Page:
UH tuitionThe cost of a degree from the University of Hawaii may be going up beginning in the fall.
proposal calls for
next five years
Manoa undergraduates would
pay about 3 percent more
per credit every year
Have your say: Meeting times listed
By Suzanne Tswei
Under a new proposal, students would be facing tuition increases ranging from 1 percent to 3.5 percent each year for the next five years.
The average resident undergraduate student at the Manoa campus now pays about $1,500 a semester in tuition.
Their tuition will go up about 3 percent a year.
Students enrolled in the university's professional schools would be paying larger annual increases -- 6 percent for law students, 4.2 percent for medical students, 3.8 percent for nursing and dental hygiene students, and 22 percent for business administration students earning advanced degrees.
Highlights of proposed tuition increases for the University of Hawaii covering academic years 2001-2002 through 2005-2006:
Proposed tuition increases
At Manoa, undergraduates would pay annual increases of $4 more per credit. Full-time status is 12 credits or more a semester.
At UH-Hilo, the two-tiered tuition system -- a lower level for first- and second-year students and a higher level for third- and fourth-year students -- would be eliminated. For the first two years, the increases would be $4 per credit for lower division and $1 for upper division. In 2005, the increases would be $6 per credit for lower division and $2 for upper division.
At West Oahu, undergraduates would pay $3 more per credit.
At community colleges, students would have to pay for all credits for which they are registered. Beginning in 2003-2004, resident students would pay $2 more per credit.
University spokesman Jim Manke said the tuition increases would add $2 million to $3 million a year to the university budget. The money would be earmarked specifically for technology improvements, such as computer equipment and software for classrooms, he said.
The increases are modest, as they have been in recent years, Manke said.
Even at the end of the five years, the proposed increases would still place Hawaii's tuitions below last year's national averages at comparable institutions.
Financial aid is plentiful and the proposed increases would not discourage or disable potential students from earning degrees at the university, Manke said.
The proposal was released to student organizations and other groups last week.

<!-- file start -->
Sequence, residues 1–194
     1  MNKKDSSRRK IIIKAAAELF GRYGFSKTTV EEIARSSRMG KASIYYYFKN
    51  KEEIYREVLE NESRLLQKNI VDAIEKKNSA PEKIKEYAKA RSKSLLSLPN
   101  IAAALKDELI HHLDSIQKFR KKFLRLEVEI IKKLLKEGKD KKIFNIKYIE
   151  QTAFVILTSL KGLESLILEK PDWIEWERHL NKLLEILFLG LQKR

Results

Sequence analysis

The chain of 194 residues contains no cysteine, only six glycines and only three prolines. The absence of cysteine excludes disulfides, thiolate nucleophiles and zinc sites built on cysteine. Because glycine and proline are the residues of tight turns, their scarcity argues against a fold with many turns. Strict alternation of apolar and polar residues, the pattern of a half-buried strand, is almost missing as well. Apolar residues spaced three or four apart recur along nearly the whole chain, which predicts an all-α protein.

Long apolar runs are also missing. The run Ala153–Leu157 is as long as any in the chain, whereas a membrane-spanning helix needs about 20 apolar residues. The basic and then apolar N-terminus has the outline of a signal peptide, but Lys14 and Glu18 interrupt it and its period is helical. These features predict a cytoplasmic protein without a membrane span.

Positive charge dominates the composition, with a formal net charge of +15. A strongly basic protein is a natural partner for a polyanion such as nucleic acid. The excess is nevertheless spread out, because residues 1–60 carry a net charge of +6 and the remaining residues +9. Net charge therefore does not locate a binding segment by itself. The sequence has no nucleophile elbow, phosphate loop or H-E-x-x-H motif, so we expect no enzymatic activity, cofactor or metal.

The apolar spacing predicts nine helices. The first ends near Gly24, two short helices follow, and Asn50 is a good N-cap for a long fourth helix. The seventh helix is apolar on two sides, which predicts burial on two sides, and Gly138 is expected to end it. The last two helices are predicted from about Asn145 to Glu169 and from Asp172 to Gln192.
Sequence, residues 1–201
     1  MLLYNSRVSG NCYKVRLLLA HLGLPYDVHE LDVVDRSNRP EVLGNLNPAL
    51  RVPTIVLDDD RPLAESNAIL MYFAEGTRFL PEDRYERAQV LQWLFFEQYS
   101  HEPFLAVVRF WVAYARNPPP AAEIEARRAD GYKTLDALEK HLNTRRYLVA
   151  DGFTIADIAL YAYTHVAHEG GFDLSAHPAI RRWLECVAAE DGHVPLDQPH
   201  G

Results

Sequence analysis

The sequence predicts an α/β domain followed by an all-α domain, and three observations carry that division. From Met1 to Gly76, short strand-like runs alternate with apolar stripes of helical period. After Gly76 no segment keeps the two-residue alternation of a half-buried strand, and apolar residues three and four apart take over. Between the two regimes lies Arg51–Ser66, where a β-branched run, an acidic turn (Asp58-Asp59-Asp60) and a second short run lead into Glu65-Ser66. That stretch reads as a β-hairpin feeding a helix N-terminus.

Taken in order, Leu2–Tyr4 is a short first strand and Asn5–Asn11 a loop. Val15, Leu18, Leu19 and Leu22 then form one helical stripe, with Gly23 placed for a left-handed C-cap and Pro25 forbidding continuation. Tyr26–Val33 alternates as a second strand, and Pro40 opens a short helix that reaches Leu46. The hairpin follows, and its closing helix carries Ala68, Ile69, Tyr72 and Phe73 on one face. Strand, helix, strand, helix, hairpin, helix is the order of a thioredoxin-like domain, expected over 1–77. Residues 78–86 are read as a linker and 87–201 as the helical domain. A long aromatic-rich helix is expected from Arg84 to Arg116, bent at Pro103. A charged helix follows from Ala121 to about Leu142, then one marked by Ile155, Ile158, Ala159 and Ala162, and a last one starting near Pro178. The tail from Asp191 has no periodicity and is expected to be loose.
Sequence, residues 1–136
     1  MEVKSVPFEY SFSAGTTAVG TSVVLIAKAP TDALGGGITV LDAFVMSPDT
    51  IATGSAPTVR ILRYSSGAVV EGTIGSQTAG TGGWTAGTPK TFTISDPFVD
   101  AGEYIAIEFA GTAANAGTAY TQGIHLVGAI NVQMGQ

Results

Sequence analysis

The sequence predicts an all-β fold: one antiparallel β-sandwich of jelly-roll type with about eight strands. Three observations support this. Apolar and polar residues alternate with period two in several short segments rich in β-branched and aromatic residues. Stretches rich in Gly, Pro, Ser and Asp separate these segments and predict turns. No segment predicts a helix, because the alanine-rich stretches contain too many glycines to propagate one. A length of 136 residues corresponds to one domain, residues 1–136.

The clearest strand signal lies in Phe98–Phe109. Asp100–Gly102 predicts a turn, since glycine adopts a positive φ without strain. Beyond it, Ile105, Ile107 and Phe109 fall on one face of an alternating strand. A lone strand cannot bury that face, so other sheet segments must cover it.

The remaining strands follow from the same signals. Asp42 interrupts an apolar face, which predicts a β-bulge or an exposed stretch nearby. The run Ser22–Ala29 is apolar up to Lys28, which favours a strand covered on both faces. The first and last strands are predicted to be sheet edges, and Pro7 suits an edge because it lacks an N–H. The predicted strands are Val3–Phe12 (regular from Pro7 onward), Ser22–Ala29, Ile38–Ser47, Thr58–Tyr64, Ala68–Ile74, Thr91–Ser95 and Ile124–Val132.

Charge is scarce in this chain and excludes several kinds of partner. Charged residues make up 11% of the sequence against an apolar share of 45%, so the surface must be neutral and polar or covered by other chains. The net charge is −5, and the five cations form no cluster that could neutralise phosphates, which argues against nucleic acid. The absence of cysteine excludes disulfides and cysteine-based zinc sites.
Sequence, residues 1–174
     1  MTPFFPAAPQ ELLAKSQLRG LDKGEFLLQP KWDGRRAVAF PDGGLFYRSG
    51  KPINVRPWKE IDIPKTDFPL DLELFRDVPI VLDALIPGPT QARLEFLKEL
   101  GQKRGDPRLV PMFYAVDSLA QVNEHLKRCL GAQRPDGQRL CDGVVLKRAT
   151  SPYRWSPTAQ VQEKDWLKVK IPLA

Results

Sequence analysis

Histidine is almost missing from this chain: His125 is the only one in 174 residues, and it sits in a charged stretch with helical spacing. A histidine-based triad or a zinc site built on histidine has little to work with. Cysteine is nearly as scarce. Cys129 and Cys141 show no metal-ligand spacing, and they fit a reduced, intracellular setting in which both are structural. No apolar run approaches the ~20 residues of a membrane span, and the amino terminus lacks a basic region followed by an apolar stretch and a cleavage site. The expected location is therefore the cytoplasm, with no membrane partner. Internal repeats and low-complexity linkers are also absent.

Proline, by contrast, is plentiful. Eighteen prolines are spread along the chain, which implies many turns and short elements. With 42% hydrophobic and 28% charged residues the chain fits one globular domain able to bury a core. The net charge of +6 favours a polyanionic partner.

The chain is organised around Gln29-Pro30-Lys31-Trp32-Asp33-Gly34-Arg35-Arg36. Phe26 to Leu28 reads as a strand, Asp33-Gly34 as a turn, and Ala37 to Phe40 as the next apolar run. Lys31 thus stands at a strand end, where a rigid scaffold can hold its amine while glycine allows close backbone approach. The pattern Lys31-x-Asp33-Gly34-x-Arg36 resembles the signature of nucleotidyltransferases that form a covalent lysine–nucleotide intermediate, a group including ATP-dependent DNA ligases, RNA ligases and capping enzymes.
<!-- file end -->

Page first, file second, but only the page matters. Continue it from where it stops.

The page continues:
It is being released to the public for comment.
The proposal is not scheduled for consideration by the Board of Regents, the governing body of the university, until March.
Any tuition increases would have to be approved by the regents, who voted down the last set of proposed tuition increases. In March, the board decided to continue the current tuition levels after student protests that were often raucous and emotional.
Mamo Kim, president of the Graduate Student Organization who helped lead the protest, said tuition increases, however modest, are not justifiable nor warranted.
"I have not seen any real improvements done for students," who would have to pay more while they receive fewer services, Kim said.
"The administration needs to look at themselves to improve their management style. They say they need more money, but they are losing money through their own mismanagement."
Kim said she cannot understand why the university wants to "tax the students more" while expecting to receive more resources from the Legislature.
"Unless students are willing to wage huge battles with the administration, we always end up with the short end of the stick," Kim said.
Kim said her organization has made no plans for protests. The initiative would have to come from the students, she said.
Chris Garnier, president of the Associated Students of the University of Hawaii, said he believes tuition increases are inevitable.
"Obviously, people are going to be upset if they have to pay more for something that they didn't have to pay before," Garnier said.
"But for somebody to think tuition increase isn't necessary (the person) is either ignorant or delusional."
The university needs more financial independence from the Legislature, and higher tuition is one way to raise needed funds, he said.
"The need is obvious, and the quality of education we receive at the University of Hawaii is well worth it.
"They can charge double and be able to justify it," Garnier said.
He does not wish to see his parents have to pay higher tuition for his education, but he understands the need to raise tuition, he said.
The public can comment on the proposed increases at meetings. Here is a list of meetings for undergraduate and graduate tuition proposals. All meetings will begin at 3 p.m.
To comment on tuition proposal
Feb. 2, Wentworth 1, Hilo campusPublic comment on proposed tuition increases for students of law, medicine, graduate and undergraduate nursing, dental hygiene fee and business masters is scheduled for 3 p.m. Feb. 5, Campus Center Ballroom at the Manoa campus.
Feb. 6, Room GT 105, Leeward campus
Feb. 7, student lounge, Maui Community College campus
Feb. 8, Campus Center ballroom, Manoa campus
Feb. 9, Campus Center student lounge, Kauai Community College
Students, faculty and others may view a briefing on the proposal on the university's interactive television system. The briefing is scheduled for 1:30 to 3:30 p.m. Jan. 29.
Questions may be directed to each campus' top administrator or Colleen Sathre, vice president for planning and policy for the university, 2444 Dole St., Bachman Hall 110, Honolulu 96822. Or call Sathre's office, 956-7075. Her email address is firstname.lastname@example.org.
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